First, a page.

That lack of drama perfectly complements the culmination of Nick and Judy’s romantic relationship as well. It’s no fairy tale romance: it’s a slow wait between the point where Judy asks and Nick takes time to think about it, to when Nick allows himself to begin the relationship despite the fact that every day will be a fight for them. It’s both a wait for Judy and the reader as after Judy brings it up; the relationship isn’t mentioned in earnest again for about five chapters. However, like Judy, I found myself patiently waiting for Nick’s answer, unconcerned with when it would happen. The case definitely takes precedence over the romance, and that’s a good thing; who needs a case getting muddled because of feelings? Not Judy Hopps.
That’s not to say that feelings don’t veer dangerously close to interfering with the investigation, but it’s not romantic feelings that do it. Author Vera shines another light on the issues of inequality and prejudice in Zootopia with the group Mates for Mates, and how they work to keep people dating within the same species. Judy is rightfully disgusted by the premise of this group, but she has to work on keeping these feelings on the down low. She must also put aside, for the moment, her growing urge to join the activist group Equality Now, as it would influence how the public viewed their involvement with the case. However, Judy and Nick discuss some of the shittier parts of the laws they’re a part of enforcing because of this conflict.
“They’re framing it wrong,” Nick chewed through a bit of tofu, then stole one of her zucchini slices, “this whole fight.”
“What do you mean?” She stuffed more of her food in her mouth before he could infringe further.
“They keep coming back to the marriage thing, but that’s such a small piece of it. You know why the right to refuse exists?”
“It was for bars mostly. So they could turn away customers who were already drunk or belligerent. That’s it. Some stupidly clever person realized they could turn it against people they just didn’t want in their businesses.”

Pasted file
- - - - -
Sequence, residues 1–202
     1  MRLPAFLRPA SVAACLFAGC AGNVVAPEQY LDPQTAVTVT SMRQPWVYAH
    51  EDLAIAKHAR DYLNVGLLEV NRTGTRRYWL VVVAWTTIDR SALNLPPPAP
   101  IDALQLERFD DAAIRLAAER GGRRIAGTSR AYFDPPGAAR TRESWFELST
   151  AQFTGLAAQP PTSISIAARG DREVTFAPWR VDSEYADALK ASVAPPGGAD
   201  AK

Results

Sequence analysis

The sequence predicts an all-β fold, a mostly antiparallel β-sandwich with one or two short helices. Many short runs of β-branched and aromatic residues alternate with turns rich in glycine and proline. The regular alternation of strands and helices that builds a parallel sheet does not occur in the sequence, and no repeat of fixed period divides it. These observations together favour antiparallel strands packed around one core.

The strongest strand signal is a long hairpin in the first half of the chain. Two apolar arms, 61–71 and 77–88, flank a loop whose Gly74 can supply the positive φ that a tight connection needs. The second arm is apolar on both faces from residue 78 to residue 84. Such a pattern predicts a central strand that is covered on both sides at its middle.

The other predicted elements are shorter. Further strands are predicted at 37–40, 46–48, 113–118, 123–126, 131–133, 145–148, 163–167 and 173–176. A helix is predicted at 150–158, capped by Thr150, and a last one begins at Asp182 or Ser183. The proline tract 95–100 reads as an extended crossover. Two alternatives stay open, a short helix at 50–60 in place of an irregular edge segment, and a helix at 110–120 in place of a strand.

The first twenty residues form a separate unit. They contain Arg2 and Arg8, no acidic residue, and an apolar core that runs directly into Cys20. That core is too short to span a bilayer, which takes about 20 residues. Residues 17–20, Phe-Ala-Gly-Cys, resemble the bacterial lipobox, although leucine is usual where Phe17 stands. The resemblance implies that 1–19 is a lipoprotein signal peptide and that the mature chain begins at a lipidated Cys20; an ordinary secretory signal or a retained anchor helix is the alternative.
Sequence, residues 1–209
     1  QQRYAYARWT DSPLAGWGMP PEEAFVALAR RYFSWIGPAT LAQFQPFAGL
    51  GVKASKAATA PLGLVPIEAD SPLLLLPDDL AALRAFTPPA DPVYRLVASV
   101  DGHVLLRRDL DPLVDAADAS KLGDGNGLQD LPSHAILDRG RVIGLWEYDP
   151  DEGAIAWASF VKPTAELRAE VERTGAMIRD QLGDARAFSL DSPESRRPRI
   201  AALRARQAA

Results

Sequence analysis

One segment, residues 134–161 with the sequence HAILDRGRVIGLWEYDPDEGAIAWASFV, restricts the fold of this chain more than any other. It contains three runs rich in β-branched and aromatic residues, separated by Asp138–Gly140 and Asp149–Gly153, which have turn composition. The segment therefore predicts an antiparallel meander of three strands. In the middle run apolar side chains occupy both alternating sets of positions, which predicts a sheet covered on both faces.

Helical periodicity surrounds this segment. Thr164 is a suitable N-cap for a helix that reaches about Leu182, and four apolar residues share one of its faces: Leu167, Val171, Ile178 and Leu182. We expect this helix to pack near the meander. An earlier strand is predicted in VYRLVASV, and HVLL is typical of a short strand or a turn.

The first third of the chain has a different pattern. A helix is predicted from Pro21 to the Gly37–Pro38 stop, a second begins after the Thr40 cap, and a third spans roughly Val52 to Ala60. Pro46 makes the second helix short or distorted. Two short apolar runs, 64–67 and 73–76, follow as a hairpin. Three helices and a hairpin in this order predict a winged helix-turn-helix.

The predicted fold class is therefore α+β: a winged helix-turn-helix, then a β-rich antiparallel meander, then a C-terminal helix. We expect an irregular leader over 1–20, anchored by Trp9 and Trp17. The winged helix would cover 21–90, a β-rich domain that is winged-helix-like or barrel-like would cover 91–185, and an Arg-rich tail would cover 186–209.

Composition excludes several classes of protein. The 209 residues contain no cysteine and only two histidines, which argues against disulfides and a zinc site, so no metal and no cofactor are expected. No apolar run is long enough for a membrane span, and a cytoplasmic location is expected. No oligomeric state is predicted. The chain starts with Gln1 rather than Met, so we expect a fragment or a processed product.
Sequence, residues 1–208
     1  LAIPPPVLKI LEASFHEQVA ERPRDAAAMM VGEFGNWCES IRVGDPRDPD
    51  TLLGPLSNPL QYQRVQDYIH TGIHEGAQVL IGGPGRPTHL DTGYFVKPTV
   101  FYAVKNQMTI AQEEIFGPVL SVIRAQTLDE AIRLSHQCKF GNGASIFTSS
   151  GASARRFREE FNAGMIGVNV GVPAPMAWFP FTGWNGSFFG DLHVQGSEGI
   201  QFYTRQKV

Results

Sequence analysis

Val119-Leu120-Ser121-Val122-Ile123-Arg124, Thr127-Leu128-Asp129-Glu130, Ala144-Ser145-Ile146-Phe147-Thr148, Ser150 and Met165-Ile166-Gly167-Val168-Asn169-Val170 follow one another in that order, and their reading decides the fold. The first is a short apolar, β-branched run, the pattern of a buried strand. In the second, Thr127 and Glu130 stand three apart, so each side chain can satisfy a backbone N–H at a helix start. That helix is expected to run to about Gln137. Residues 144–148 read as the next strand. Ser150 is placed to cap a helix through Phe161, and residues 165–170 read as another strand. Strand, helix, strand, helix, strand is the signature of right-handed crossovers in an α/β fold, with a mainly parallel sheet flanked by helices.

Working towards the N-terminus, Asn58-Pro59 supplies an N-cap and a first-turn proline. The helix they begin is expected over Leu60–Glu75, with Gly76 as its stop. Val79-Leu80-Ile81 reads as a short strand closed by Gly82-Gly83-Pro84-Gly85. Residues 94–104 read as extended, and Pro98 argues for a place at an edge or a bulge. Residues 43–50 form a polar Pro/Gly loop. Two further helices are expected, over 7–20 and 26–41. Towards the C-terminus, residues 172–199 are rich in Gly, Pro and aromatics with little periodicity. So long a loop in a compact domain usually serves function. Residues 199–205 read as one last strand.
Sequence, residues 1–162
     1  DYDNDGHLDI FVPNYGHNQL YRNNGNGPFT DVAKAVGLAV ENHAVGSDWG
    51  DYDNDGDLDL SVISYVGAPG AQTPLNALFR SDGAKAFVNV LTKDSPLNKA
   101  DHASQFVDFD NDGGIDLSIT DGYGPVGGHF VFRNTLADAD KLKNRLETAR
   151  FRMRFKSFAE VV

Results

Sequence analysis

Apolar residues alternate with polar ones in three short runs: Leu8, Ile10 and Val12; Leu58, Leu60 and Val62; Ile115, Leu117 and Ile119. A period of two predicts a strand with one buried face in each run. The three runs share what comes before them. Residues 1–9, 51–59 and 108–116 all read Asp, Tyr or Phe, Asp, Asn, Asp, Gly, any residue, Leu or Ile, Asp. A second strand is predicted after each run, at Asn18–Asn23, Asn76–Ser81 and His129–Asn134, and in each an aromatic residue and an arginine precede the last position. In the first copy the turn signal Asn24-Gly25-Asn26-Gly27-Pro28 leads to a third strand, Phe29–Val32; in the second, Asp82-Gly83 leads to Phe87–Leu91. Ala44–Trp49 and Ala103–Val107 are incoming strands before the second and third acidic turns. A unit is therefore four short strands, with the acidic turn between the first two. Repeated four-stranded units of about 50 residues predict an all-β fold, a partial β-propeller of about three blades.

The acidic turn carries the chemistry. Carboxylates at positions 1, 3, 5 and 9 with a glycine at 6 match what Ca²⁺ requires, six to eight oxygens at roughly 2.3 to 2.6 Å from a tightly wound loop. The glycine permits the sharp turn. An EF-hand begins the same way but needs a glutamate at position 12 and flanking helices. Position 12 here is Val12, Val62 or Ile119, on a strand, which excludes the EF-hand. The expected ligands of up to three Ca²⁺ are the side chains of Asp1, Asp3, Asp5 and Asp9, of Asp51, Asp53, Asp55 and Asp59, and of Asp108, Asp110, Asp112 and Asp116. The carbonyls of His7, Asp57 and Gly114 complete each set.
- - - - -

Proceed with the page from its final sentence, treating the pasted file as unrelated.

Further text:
The first day they’d met, she’d watched the ice cream store manager turn that sign on him and she could remember the icicle of empathy that had struck through her. And that, despite everything she discovered later, had been real. It had happened again since though in light of the badge, the signs were more subtle.
She had watched him absorb that rejection, no ripples on the smooth surface he presented. Usually he found a way to turn it to his advantage, the knife of bigotry slicing both ways. But how could you live taking a thousand tiny cuts without eventually bleeding to death?
“So what do you want to do about it?” She asked.
He considered her across the gulf of cushions and cartons. She could still smell the hospital on him, acridly clean. It had nestled into his fur, clinging to wound.
“I want to fight,” he stuck another piece of tofu in his mouth.
“Good. It’ll take a few days for us to put the case to sleep. Once we do, we find the right people to talk to at Equality Now and figure out how we can help.”
Out of an estimated twelve chapters, A Mountain I’m Willing to Die On has eight chapters published, sitting at around thirty thousand words. If you’re looking for a fic that shows more of these buddy cops working on a case in their typical style, with romance on the side and a nice dose of social justice, I would highly recommend this fic. Take a look at it here at AO3.